littlewonder2

Little wonder we stumble in life.


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Preparing for Uni: Japanese

I have been watching the University website for updates on what to read and how to prepare for my classes. At the moment, I’ve been particularly looking at Japanese. The University has a Facebook page for students of Japan and Japanese, and sometimes people post links to cultural things.

Here’s one.

These are particularly interesting. The last one particular grabbed me, because it’s a phrase I’ve heard before on Facebook, if in a different context: Hate Speech.

In this case, it’s a buzzword that started when anti-Korean protests in a Korean section of Tokyo happened sometime last year. Either way, it’s a particularly important phrase for a number of things, and as I’ve seen on Facebook, important to know the difference between it and Free Speech.

Here’s another one.

Here’s another Facebook link I found. I already do some of these, but there is probably a wider range of music I could listen to, and making notes on things is something I didn’t think of.

There are also tips for those living in Japan. These are things I would probably have thought of anyway, as I often eavesdrop on people when I’m bored anyway, and the same goes for reading signs. In fact, once when I still lived in the Sydney suburbs, when I used to catch the train into Parramatta, there were a few Japanese people who lived even closer to the bus stop, who came out and started to talk in Japanese. They even took the same bus!

The problem was, the only word I actually caught was ”かぞく” (kazoku), which means family. But I knew it was definitely Japanese, because one of the girls had a luggage tag that said so.

Another time on the bus, I met a girl who was studying Japanese too, because she had the same textbook as me.


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Trifecta – Mask

It had all happened so suddenly.

One minute a volcano had erupted, the next the entire US was without a food source, and he was driving in the middle of a desert that looked more like a snowfield, to a place where it was known that crop seeds lay safe inside a warehouse.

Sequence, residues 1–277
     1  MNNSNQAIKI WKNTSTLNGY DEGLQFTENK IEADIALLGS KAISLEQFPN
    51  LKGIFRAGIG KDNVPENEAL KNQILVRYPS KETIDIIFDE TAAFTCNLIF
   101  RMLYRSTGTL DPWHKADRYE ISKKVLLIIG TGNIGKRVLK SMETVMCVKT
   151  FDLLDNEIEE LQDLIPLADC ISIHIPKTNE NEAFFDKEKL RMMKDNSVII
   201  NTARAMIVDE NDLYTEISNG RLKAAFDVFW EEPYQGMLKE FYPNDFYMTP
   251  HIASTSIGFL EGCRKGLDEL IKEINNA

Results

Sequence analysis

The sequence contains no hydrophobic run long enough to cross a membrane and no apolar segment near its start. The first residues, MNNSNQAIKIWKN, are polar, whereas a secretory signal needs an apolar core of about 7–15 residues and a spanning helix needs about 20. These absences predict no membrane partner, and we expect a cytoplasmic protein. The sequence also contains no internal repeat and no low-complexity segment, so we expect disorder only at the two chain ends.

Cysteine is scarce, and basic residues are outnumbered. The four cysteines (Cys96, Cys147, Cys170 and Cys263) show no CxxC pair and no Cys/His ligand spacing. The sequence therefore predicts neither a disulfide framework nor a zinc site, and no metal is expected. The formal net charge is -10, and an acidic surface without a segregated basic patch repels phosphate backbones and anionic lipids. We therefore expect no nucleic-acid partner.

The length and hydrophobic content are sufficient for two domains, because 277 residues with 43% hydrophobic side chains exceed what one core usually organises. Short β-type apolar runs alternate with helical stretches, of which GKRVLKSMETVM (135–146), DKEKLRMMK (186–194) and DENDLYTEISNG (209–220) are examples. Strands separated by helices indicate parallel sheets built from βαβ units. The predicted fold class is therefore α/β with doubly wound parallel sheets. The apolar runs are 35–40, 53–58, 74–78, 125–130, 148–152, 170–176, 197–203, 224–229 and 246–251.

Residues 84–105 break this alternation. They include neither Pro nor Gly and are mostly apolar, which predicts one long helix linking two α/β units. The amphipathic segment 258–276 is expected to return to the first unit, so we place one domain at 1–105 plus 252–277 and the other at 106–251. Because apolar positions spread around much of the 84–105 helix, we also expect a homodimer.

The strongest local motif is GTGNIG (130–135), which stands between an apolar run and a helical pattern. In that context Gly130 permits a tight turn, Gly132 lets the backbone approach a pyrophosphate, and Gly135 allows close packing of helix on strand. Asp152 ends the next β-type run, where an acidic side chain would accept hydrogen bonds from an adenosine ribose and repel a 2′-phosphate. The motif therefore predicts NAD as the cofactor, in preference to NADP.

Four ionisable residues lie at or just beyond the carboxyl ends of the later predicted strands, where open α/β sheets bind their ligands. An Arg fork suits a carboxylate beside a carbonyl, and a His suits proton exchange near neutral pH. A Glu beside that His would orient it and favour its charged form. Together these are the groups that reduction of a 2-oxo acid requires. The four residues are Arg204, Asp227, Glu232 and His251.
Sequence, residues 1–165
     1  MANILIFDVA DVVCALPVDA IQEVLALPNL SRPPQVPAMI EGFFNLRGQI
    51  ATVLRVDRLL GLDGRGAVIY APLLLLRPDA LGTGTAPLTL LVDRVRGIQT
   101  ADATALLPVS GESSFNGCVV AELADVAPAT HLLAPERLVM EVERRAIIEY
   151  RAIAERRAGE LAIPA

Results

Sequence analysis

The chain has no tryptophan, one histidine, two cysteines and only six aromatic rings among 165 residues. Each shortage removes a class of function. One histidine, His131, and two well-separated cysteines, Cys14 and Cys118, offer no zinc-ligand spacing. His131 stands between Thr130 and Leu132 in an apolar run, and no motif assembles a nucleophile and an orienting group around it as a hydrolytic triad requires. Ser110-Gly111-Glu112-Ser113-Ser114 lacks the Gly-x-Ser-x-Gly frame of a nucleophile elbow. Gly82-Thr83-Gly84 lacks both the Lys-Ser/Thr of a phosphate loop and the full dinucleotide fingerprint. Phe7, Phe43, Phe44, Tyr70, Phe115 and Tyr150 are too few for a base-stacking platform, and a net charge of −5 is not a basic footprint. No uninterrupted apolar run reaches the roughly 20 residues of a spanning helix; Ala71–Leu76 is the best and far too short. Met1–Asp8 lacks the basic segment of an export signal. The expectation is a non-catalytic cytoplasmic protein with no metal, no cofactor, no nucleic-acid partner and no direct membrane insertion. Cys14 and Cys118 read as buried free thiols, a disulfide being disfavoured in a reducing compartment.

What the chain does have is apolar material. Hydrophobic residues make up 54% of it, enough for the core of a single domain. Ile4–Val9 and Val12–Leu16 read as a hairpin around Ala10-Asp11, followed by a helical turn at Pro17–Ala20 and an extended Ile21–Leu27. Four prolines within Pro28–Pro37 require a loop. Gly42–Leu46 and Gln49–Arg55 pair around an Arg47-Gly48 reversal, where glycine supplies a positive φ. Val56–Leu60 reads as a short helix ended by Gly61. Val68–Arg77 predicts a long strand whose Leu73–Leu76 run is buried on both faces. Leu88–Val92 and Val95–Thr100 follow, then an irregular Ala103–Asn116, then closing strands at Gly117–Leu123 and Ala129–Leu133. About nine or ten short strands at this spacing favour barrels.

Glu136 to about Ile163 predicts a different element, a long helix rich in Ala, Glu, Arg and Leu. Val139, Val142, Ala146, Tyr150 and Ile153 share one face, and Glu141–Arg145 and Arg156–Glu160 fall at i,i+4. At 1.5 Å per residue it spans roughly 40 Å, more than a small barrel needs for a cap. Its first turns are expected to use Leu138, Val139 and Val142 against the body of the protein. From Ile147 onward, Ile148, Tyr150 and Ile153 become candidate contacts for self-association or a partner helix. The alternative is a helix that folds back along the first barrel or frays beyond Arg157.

Of course, it would take much more than just the crops themselves; America would need a place to raise them, and of course the government had greenhouses all over the country for that. But there was one more danger out here, dangerously close to ground zero…

Zombies, previously creatures of fiction, were now fact, destroyed by the supernatural volcano deep within the heart of Yellowstone. It just so happened that the storehouse was in that same region, almost the same state, as the famous national park.

The people once known as and laughed at Doomsday Preppers might yet save the human race. He tightened his air mask; even in this regal limo, he didn’t feel safe.

It wasn’t a wide open area like the Sahara out there, nothing but yellow sands and one solitary road. This desert was dirtier and rockier than that, just on the edge. And just when the President finally thought he was safe… this road trip was about to get a lot rockier.

He pulled his seatbelt tighter against him as the awkward, long car was sent over high and low rock hills, landing smoothly or jarringly each time. They had to get away, for the good of their country. But no matter how fast they sped, the zombies were somehow faster.

Darkness fell, even through the tinted windows, and they knew they had failed. They had caught up. All the dead and rotting bodies pressed up against the windows, smashing them, pale hands reaching out.

“The President!” called the driver, and he could see the flash of a phone. “We won’t make it! You have to –”

The line went dead.

Tale for Trifecta

Inspired by a game on my phone called Zombie Road Trip


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Friday Fictioneers – Deserting Home